4 Golden Rules Of Mindful Eating…

4 Golden Rules Of Mindful Eating

Having been a natural foods chef and meditation teacher for the past 30 years, I’m what you could call an Ayurveda enthusiast. I so deeply love and resonate with this ancient healing tradition whose principal medicine is food. I learned these mindful eating rules in a class I took on spice blends and Ayurvedic healing several years ago. These guidelines have helped my clients reclaim sanity, choice, and dignity in their eating habits while cultivating deeper self-forgiveness.

SEE ALSO: 20 Ways To Increase Your Vibrational Frequency

Eat Food Prepared by Loving Hands in a Loving Way

This rule is simple but not always easy. In the words of food journalist Michael Pollan, “If it comes from a plant, eat it; if it’s made in a plant, don’t.” If you’re chronically dining on packaged foods or takeout, chances are human hands barely even touch what you eat. What kind of prana can you draw from such “food”—or rather, “food-like products”—that are made by production machinery? Treat yourself to genuine nourishment. Visit a farmers’ market, join a CSA (Community Supported Agriculture) group, learn to cook a few simple things on your own, or ask friends and family to cook for you.

Only Eat Until Two-Thirds Full

The Japanese have a saying, “hara hachi bu”, which means “eight parts out of 10 full”. The French, when they are finished eating, say “Je nais plus famme,” meaning, “I no longer have hunger.”

What do we say in in our super-sized, all-you-can-eat buffet culture here in the U.S.?



“I’m stuffed.”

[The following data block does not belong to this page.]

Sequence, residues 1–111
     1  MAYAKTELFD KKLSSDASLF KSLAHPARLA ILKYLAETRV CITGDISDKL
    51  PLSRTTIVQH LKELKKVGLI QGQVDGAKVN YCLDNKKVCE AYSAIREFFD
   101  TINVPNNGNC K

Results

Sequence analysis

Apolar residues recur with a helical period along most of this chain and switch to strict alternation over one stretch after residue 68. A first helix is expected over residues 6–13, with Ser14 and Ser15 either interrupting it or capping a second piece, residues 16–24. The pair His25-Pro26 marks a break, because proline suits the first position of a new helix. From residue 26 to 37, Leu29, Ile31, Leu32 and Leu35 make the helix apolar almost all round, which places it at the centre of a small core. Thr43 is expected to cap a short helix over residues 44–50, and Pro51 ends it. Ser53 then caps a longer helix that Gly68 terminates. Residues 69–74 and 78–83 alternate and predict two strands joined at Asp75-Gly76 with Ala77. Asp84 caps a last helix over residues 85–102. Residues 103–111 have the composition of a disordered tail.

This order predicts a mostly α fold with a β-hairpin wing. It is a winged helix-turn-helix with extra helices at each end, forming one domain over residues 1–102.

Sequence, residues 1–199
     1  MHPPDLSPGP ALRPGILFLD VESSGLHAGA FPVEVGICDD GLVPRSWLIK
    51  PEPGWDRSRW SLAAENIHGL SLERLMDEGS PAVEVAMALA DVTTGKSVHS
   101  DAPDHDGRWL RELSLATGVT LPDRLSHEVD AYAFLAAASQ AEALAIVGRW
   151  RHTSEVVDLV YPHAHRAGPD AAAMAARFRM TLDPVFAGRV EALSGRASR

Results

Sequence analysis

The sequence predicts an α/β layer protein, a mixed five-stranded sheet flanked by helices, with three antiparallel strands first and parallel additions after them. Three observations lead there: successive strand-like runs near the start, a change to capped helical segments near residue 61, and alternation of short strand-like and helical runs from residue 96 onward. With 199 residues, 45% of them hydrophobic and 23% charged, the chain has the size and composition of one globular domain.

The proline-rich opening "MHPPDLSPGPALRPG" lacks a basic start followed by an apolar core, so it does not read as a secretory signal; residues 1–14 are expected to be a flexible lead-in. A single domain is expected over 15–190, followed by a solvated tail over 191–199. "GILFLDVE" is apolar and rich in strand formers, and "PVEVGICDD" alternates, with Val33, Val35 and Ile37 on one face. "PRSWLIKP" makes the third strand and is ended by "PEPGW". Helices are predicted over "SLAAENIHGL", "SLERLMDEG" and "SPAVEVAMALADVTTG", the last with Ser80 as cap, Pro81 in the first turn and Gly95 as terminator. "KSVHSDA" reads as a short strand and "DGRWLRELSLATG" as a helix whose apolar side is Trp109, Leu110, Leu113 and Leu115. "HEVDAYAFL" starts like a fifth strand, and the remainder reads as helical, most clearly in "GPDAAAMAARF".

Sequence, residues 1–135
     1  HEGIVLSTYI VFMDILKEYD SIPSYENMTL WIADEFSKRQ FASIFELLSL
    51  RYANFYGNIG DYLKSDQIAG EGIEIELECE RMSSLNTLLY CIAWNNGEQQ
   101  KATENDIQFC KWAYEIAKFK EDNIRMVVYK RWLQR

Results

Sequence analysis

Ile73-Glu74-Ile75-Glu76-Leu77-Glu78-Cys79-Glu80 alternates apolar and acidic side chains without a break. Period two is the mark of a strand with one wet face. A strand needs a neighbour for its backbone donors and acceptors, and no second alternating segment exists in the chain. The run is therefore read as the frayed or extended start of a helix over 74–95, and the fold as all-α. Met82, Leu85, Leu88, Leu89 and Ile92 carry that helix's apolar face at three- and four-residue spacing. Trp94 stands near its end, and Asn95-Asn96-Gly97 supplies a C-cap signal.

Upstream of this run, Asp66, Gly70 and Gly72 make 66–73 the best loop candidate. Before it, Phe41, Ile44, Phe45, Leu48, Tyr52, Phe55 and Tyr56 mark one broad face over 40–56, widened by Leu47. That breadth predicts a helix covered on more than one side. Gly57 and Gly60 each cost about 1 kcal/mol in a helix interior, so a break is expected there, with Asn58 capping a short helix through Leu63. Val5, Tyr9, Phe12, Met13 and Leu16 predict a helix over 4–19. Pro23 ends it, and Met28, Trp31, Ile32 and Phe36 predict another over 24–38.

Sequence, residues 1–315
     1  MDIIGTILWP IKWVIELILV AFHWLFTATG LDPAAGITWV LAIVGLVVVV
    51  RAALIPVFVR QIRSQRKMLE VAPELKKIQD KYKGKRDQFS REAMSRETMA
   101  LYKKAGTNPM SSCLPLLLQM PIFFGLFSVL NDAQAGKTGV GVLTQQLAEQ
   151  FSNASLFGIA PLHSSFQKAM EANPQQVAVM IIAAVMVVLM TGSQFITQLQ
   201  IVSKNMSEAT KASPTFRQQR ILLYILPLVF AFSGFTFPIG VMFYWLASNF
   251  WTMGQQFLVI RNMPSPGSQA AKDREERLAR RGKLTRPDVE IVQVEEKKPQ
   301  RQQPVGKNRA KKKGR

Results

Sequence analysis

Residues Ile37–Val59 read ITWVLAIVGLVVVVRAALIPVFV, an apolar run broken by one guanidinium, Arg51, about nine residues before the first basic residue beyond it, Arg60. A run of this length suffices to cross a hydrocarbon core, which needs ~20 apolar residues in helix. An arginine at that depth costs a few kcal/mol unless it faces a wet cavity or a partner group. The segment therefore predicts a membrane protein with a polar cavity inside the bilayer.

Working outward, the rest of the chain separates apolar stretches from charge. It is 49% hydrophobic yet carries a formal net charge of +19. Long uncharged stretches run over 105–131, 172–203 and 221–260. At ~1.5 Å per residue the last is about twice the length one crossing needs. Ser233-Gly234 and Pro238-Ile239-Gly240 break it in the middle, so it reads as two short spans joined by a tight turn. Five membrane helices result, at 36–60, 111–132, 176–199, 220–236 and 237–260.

We have been conditioned culturally to disconnect from our satiety cues—the messaging highway between our brain and our belly that signals us to stop eating. In Ayurveda, the stomach is regarded as a cooking pot, and the digestive metabolism—known in Sanskrit as agni—fires up the pot. When a cook makes a pot of soup, she has to leave space at the top of the pot, or else the agni doesn’t properly circulate, and the soup cooks unevenly. The same is true in our digestion. If we overeat, we can’t digest properly, and that produces what in Ayurveda is called ama, or toxic by-products, which give birth to degenerative disease. So the practice of mindful eating means reconnecting to that moment when our belly and brain say, in unison, “Enough.”

Take Food with Self-Confidence

Allow yourself to enjoy your food wholeheartedly. So often we eat from a place of conflicting emotions: “I want it”, “I know I shouldn’t have it,” “Who cares, I want it anyway”.

What would it be like for you if, instead of saying to yourself, “I’ll never eat cake”, you could come to a place of being at 100 percent choice around eating the cake, and either enjoy it wholeheartedly or else let it be?

Food Should be Taken in One Place

In the Zen tradition there’s a saying, “When you eat, just eat; when you sit, just sit.” The ideal posture of eating is sitting comfortably, with your focus on the food.

If, by contrast, we’re eating while driving, in the Ayurvedic view that combination increases vata, or wind, which can extinguish agni. When we take food in one place, we might first encounter boredom, discomfort, and the strong impulse to check our email or read the paper. If this is so for you, I invite you to lean into the sharp edge of those feelings. Any process of healing demands of us that we enter the sanctuary of such feelings without needing to push them away. Breathing and walking through the boredom and discomfort, we discover not only that we can survive—we meet a part of ourselves that has been waiting for us for a long, long time.

If these rules inspire you, practice them to the best of your ability for 7 days, and notice how your koshas, or layers of being, begin to settle themselves into a more integrated and harmonious relationship. And please post a comment. I’d love to hear about your experience.

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Marcella Friel

Marcella Friel is a mindful eating mentor who uses EFT (Emotional Freedom Techniques) to help health-conscious women transform their relationship…

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